Peace lilies are elegant houseplants that are widely available at many supermarkets and garden centers. They’re known for their gorgeous white flowers and dark green shiny leaves.
This tropical plant is the true definition of a “drama princess”.
Here’s how to repot a Peace Lily: Find a pot that’s 1-2 inches wider, remove your plant from the pot and dust off the old potting soil, place it into the new pot and fill it up with fresh potting mix, water it sufficiently and then place it in a shaded area.
If the proper “Peace Lily care” is not given to your plant, they can get a little temperamental when they’re not happy with the amount of attention they’re receiving. Too much love is as bad as not enough love in their eyes.
However, one thing that Peace Lilies are not as finicky about, is how rootbound they are. Even though these plants don’t mind being a little crowded in their pots, they are not shy in letting you know when they need a larger container.
Today I’ll be guiding you through the process of repotting your Peace Lily, as well as pointing out the factors that might suggest when your indoor plant needs repotting.
How do I know if my Peace Lily needs repotting?
An easy way to see if your plant needs a change of pot is to lift it up and look at the underside of the pot. If there are roots coming out of the drainage holes, your plant will need to be repotted as soon as possible. There should be soil protecting your roots at all times, and if there isn’t, it could compromise the health of your plant.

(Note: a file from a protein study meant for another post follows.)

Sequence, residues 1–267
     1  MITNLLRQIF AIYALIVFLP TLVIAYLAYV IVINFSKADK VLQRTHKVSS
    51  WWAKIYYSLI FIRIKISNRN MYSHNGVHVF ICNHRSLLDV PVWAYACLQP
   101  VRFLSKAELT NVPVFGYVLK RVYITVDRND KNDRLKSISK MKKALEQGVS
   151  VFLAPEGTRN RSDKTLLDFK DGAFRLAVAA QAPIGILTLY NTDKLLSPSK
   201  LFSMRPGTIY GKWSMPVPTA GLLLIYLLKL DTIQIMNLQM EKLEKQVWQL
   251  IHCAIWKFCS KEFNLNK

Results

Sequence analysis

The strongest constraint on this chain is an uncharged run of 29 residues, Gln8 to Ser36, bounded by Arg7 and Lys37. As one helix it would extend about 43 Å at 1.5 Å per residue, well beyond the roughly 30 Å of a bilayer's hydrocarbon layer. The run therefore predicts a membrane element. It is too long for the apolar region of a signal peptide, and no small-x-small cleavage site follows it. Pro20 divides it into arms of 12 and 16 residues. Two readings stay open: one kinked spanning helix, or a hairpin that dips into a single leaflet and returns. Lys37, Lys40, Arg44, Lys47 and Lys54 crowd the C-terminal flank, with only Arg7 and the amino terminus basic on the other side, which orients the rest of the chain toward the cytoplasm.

This is true also if the roots are beginning to emerge from the top of the soil. Unlike some plants that grow aerial roots above the surface of the soil, Peace Lily roots should remain safely in the soil at all times. If you see any poking out, it’s a good indication that your plant needs more space to grow.
Having said that, Peace Lilies should be repotted before you even see the roots escaping the pot. Take the pot in your hands and lightly squeeze around it to loosen the soil enough that you can pull the plant from the pot.
If the roots are tightly compacted so much that you can see more roots than soil, you should repot it when you get a free minute. If you leave a plant like this for too long, water could pool around the roots and cause the dreaded root rot.
Another excellent time to repot a Peace Lily is when they have grown into a mature plant and are large enough to be divided into more plants.
While springtime is the best season to repot your Peace Lily, you shouldn’t wait too long once you know the roots overgrowing its pot.
Your other best time to repot your rootbound plant is in late winter. Now that you know how to spot a root-bound Peace Lily in desperate need of a pot change, let’s look at how you’d go about doing just that.
Repotting plants will give you a never-ending supply of plants. Imagine having your place filled with nature? You’ll never have to venture outside again.
How to repot a Peace Lily
Step 1: Finding the right pot
You’ll need to choose a new slightly larger pot to transfer your Peace Lily into. The new pot should be 1 to 2 inches wider in diameter than the current pot. We know that it’s tempting to opt for the largest pot possible so that you don’t have to repot again anytime soon, but this could kill your plant from shock.